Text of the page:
FOR Mr Jerry Rao, chairman MphasiS-BFL Ltd and
winner of the coveted Ernst & Young Entrepreneur of the Year Award
2001 in the ICE category, its been a journey worth every bit of
the effort. Moreover, according to the recent Forrester Research
report on offshore services providers, MphasiS has been listed as
one of the emerging pivotal providers of offshore services and integration
capabilities. MphasiS's new working models/methodologies—especially
the ‘virtual operations' model and its concept of bi-polarity—are
expected to strengthen operations significantly. Incidentally, the
company has also taken a decision to move out of the products space
and become a complete solutions and services focused player. In
an interview with Kavitha Vivek, Mr Rao outlines his plans
for the company. Excerpts:
is the gameplan to face up to the challenges of the ongoing market
recession. Could you outline some of the strategies?
The key to survival clearly is to re-align business in a manner
that binds the fundamentals together. MphasiS is therefore looking
at two levels—strategic and domain. On a strategic level we want
to be a key player in the software solutions and services space.
We have therefore taken the decision to axe our products business
The thrust is on being a best of breed solutions integrator. As
for the domain we will play mainly in the applications space (solutions
for logistics and financial services) and in the systems business
in a small way. Though the systems business accounts only for 10
per cent of our overall revenues, we consider this a strategic business.
So we will hold onto it. MphasiS BPO, the call centre and business
process outsourcing subsidiary is also another thrust business that
has seen significant growth. We plan to grow this business within
the same domain areas of logistics, finance and retail.
you elaborate on your moving out of the products space?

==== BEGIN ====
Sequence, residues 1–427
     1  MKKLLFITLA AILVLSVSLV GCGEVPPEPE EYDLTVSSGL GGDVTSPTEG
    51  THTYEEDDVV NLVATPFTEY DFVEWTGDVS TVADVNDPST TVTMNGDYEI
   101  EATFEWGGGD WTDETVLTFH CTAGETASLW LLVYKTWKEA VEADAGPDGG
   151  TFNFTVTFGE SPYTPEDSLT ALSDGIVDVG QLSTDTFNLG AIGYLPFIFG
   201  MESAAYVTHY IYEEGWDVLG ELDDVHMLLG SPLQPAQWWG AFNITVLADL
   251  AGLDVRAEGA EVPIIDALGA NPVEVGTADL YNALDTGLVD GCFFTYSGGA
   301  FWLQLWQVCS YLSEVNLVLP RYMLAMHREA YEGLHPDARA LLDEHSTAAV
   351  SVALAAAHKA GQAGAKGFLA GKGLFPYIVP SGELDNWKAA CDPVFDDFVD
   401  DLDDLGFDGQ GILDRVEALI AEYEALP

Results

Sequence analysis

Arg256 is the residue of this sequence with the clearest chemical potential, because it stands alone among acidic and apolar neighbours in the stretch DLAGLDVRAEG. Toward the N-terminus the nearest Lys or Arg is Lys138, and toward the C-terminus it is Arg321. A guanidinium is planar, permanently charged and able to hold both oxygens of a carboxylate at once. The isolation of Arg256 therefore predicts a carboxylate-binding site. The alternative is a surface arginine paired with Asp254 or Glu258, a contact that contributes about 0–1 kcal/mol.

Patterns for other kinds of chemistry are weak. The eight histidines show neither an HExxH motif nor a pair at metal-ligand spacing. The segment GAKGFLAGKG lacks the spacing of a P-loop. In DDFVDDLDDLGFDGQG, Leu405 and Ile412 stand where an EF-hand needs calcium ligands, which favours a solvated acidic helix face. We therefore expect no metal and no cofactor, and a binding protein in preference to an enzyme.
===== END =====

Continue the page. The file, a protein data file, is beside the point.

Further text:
We took the decision to move out of the products space because there
is a conflict of interest when it comes to choosing between your
product and another. When we say we are the best of breed integrators,
we need to truly be just that. MphasiS had a few of its own products,
mainly a healthcare product and a ‘Net Mall' product. We shut down
‘Net Mall' last year and the Europe-focused healthcare product business
this quarter. This led to the restructuring of our European operations.
However, let me mention that we will continue to be a player in
the healthcare services space in Europe and Asia which are both
growing markets for us.
you comment on some of the operating models that you have in place?
Total globality has been one key driver that helped MphasiS chalk
out its working model. The management team brings together top talent
drawn from different nationalities including Dutch, Singaporean,
Taiwanese, Swiss, British, Americans and of course Indians. So literally
the company can draw from the global experience these people bring
with them. We have also put in place a ‘virtual' model for our development
methodology. So this is not the traditional offshore-onsite model.
In this scenario both the hardware and software reside at the clients
side, while the work progresses remotely from anywhere in India
or US. So this model often results in better customer satisfaction
and better revenue margins for the company. Another key model is
the concept of ‘Bi-Polarity', whereby both the US and Indian operations
are key centres. So the question of one being the headquarters and
the other a mere operations centre does not arise.
has been the impact of the dotcom bust on the company, especially
since you were doing a number of projects in e-business and e-commerce
The exposure to B2C work has certainly come down. However B2B enablement
for legacy organisations continues to be a good business to be in.
Interestingly, we avoided following the ‘Impact Pricing' model wherein
stock is offered for the project in place of cash while working
with start-ups. We insisted on cash for all projects, which was
a good thing.